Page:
Lukashenko was already in conflict with Europe and the United States after that The presidential election in August was rigged And he brutally suppressed the citizens who protested his fraudulent victory. Bratasevic covered the uprising as editor-in-chief of the Telegram channel Nexta Live, which has 1.4 million subscribers.

A series of international sanctions followed Lukashenko’s campaign in August 2020. But Moscow provided a crucial lifeline. In addition to recognizing Lukashenko as the legitimate president of Belarus – unlike at least 33 countries around the world – Putin also I promised to protect Belarus He warned foreign powers not to interfere in the affairs of Belarus.

This allowed Lukashenko to prove to regime insiders and security forces that he could maintain his 26-year grip on power.

Huge crowds waving red and white flags in a public square
Tens of thousands of Belarusians joined in protesting Lukashenko’s disputed re-election in August 2020, when election results showed the longtime dictator had won by more than 80%.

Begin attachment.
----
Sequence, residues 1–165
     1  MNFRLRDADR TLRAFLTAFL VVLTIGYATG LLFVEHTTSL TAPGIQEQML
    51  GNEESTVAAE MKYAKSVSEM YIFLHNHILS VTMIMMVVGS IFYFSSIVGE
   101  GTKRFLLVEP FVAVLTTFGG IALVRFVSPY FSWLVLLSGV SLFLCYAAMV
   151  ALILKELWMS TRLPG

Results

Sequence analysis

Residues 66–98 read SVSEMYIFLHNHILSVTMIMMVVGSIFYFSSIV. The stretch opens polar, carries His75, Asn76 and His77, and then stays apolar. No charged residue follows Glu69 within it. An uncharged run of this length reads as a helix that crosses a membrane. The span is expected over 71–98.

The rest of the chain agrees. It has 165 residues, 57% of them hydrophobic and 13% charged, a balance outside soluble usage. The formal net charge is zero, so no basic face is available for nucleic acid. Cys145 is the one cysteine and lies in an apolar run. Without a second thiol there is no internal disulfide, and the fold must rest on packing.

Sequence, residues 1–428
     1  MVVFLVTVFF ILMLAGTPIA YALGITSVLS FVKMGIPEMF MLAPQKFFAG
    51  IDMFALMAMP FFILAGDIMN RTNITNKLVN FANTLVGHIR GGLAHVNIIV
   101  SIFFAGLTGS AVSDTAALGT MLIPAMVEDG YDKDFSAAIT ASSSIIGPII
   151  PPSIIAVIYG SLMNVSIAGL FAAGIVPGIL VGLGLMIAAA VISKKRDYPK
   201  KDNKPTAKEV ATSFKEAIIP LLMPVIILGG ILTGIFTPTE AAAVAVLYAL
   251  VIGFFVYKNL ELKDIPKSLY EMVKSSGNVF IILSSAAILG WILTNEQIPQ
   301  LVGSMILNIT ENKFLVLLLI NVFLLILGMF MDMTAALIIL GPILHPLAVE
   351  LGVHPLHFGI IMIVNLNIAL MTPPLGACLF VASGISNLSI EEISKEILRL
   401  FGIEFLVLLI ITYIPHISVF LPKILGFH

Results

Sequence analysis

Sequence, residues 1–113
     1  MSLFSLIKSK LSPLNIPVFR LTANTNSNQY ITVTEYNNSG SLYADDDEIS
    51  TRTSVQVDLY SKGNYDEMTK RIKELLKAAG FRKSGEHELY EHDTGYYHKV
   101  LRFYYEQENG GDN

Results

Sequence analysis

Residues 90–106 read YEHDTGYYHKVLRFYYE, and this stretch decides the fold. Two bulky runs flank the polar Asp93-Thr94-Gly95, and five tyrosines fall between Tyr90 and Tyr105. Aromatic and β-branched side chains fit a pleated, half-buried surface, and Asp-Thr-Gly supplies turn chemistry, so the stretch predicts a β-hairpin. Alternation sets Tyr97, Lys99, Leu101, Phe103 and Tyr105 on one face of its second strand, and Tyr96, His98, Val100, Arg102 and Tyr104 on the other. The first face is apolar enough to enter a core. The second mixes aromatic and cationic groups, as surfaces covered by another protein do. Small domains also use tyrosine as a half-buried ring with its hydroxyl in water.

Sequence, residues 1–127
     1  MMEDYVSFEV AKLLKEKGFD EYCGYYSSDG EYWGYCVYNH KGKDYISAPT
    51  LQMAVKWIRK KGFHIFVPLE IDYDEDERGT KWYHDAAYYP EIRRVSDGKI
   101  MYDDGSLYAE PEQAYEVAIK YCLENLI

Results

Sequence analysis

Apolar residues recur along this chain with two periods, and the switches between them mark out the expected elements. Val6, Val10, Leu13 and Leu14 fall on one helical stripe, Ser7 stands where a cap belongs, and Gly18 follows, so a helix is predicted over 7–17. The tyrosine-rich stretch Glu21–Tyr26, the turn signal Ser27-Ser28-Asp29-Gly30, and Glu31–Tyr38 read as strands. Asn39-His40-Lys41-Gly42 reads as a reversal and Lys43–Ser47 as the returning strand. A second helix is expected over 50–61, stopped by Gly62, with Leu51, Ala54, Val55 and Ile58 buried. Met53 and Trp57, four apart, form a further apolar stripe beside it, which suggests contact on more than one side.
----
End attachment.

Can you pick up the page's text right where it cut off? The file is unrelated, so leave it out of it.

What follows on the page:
Getty Images

Putin’s support did not waver with the hijacking. After the summit between Putin and Lukashenko in Sochi on May 29 and May 30, Russia announced that it would soon release a delayed release. $500 million in credit to Belarus. It also agreed to increase flights between Belarus and Russia.

The United States and Russia are at odds

Meanwhile, Russian-American relations were severely strained.

First there was Russia 2014 annexation of Ukraine’s Crimea. Then, there was Russian interference in the 2016 US presidential election and other elections, and its apparent participation in the 2020 election SolarWinds hack attacks It violated the data of multiple US federal agencies and thousands of organizations globally.

In April, Biden imposed Sanctions against the Kremlin for this business.

The 2020 poisoning of Russian opposition leader Alexei Navalny, apparently by agents of the Russian government, and his subsequent imprisonment has heightened tensions.

When asked if PutinkillerDuring an interview in March, Biden said yes.

This turbulent history explains why both the United States and Russia low expectations for the upcoming US-Russia summit.